When the injustice of mercantilism was understood, it became too embarrassing and was replaced by the supposedly just Adam Smith free trade. But free trade as practiced by Adam Smith neo-mercantilists was far from fair trade. Adam Smith unequal free trade is little more than a philosophy for the continued subtle monopolization of the wealth-producing-process, largely through continued privatization of the commons of both an internal economy and the economies of weak nations on the periphery of trading empires. So long as weak nations could be forced to accept the unequal trades of Adam Smith free trade, they would be handing their wealth to the imperial-centers-of-capital of their own free will. In short, Adam Smith free trade, as established by neo-mercantilists, was only mercantilism hiding under the cover of free trade.
- J.W. Smith, Cooperative Capitalism; A Blueprint for Global Peace and Prosperity, (Quality Books, Inc, 2003), pp.4-5
Colonialism and Imperialism Needed To Succeed
Free trade formed the basis of free enterprise for capitalists and up until the Great Depression of the 1930s was the primary economic theory followed in the United States and Britain. But from a global perspective, this free trade was accompanied by geopolitics making it look more like mercantilism. For both these nations (as well as others) to succeeded and remain competitive in the international arena, they had a strong foundation of imperialism, colonialism and subjugation of others in order to have access to the resources required to produce such vast wealth. As J.W. Smith notes above, this was hardly the free trade that Adam Smith suggested and it seemed like a continuation of mercantilist policies.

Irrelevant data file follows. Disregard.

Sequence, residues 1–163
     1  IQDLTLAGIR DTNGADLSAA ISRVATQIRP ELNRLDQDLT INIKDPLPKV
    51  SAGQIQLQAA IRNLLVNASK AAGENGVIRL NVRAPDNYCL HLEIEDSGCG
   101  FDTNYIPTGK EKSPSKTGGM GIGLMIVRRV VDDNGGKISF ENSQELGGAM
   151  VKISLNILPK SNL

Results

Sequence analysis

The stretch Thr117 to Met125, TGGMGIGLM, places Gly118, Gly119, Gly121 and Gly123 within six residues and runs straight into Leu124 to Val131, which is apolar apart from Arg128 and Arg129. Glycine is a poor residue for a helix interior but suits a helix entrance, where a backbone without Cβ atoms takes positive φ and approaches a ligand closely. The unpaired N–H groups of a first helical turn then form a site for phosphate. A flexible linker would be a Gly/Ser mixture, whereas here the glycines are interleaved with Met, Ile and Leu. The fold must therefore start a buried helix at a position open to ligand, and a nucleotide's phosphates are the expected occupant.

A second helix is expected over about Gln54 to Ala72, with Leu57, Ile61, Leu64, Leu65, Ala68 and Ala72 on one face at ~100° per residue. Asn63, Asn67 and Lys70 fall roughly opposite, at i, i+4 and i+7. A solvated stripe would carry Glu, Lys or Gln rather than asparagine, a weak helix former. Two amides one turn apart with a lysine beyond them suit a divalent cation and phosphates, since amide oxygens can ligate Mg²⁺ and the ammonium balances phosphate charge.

However, even during its prevalent times before the Second World War, neoliberalism had already started to show signs of increasing disparities between rich and poor.
Because of the Great Depression in the 1930s, an economist, John Maynard Keynes, suggested that regulation and government intervention was actually needed in order to provide more equity in development. This led to the "Keynesian" model of development and after World War II formed the foundation for the rebuilding of the U.S-European-centered international economic system. The Marshall Plan for Europe helped reconstruct it and the European nations saw the benefits of social provisions such as health, education and so on, as did the U.S. under President Roosevelt's New Deal.